SnoMan recently posted a great article on his site. It reiterates the basics that many of us have read, heard, and discussed before. He’s always producing great content, be sure to check his site out. I liked one particular part of this article which you can read below:
Understand Your Immediate Shelter Needs
There are four primary considerations in determining your emergency shelter needs: purpose, environment, physical condition, and materials on hand.
- Purpose of a shelter. Always, always keep in mind the purpose of your emergency shelter; you only need to provide basic protection from the elements. If the threat is rain, spend your energy stopping most leaks. If the threat is cold, focus on insulation. If the threat is heat, focus on shade and ventilation. Once you’ve abated the major environmental threat, move on to the next item in your overall plan. Don’t waste time and energy perfecting something that’s good enough.
- Environment. If you’re supremely lucky, you’ll be stranded in an environment that resembles the garden of Eden — food will grow on trees, cold, clean water will bubble out of the ground, you’ll find mossy patches four feet thick for your bed, and the temperature will hover around 80 degrees Fahrenheit day and night. Bet against it, though. Just in case the garden of Eden is hard to find where you’ll be traveling, you should be prepared for a less benign environment. Whenever you travel, it is vitally important to have some information about the weather forecast.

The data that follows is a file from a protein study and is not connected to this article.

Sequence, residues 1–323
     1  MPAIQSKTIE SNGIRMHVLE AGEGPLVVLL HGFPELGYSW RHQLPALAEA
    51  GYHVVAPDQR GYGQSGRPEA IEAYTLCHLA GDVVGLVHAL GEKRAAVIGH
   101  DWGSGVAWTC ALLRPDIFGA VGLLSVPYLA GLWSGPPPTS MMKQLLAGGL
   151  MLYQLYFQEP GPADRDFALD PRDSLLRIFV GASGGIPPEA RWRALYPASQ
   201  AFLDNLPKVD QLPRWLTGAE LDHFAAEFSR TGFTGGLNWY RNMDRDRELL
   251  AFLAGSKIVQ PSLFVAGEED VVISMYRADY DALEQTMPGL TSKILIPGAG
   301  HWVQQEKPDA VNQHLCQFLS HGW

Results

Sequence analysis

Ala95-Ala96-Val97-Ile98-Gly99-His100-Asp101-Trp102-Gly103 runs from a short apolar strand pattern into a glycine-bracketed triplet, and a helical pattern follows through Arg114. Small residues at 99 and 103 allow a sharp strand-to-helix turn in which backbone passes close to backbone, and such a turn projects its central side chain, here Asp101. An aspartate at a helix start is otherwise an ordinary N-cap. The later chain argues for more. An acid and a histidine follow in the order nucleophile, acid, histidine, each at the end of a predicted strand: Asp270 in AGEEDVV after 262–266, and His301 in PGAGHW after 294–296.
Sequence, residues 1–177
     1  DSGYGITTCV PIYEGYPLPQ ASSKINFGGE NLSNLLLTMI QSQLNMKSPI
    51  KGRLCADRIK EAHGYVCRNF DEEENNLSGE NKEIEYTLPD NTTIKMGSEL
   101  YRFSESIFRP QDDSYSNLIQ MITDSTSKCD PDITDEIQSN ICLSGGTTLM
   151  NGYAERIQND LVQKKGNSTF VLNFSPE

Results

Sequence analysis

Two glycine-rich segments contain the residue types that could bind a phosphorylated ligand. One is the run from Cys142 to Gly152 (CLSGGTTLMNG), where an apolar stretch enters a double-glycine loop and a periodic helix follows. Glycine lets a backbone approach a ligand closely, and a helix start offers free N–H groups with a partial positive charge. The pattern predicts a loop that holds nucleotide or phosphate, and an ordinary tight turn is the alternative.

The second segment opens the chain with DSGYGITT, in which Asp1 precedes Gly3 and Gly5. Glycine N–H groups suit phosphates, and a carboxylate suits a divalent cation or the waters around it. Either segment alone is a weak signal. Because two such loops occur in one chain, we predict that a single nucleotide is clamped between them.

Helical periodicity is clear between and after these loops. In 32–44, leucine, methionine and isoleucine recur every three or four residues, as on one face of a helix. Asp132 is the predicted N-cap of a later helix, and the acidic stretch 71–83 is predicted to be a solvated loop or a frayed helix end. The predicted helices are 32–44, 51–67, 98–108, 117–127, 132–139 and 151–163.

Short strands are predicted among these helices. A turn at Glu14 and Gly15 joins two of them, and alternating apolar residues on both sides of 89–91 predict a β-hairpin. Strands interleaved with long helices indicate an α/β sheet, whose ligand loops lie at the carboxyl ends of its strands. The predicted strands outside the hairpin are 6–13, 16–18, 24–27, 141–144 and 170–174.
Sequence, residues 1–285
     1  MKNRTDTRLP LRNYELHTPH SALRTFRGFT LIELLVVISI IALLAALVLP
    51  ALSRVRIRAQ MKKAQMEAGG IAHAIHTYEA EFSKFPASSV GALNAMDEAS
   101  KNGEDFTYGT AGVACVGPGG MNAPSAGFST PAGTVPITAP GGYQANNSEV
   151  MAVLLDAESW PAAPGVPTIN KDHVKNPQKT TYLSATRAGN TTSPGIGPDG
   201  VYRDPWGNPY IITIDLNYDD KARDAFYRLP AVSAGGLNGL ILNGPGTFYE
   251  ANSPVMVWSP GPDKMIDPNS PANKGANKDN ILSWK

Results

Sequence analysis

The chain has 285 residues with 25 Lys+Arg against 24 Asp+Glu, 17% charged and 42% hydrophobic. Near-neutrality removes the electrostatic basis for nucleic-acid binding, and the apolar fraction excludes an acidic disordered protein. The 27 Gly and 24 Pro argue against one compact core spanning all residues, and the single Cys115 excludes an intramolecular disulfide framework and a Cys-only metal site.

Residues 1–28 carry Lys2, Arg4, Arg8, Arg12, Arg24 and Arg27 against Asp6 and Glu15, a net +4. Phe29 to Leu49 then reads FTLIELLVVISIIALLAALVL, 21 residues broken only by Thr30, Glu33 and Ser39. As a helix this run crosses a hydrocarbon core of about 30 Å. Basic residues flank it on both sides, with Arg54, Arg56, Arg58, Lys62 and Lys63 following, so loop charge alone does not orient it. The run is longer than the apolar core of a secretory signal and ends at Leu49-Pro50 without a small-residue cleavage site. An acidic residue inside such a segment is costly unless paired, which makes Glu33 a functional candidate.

- Physical condition. If you’re in good condition, you can be more aggressive, take a little more hardship, take a little more calculated risk. If you’re injured, sick, or malnourished, your weakened condition means you’ll have less tolerance for exposure. You’ll have to be more careful to provide warmth, to stay dry, and keep your stress level down. Understand your capabilities and limitations.
- Materials on hand. As always, your best bet is to have a well-stocked everyday carry bag. Ideally, you’ll have a ripstop poncho with grommets — you can tie this down for immediate shelter from wind and rain. In five minutes, you have a life-saving shelter. Barring that, consider what you do have, whether it’s snow, leaves, evergreen boughs, bamboo, banana leaves, whatever.
Read the full article HERE.
-The Berkey Guy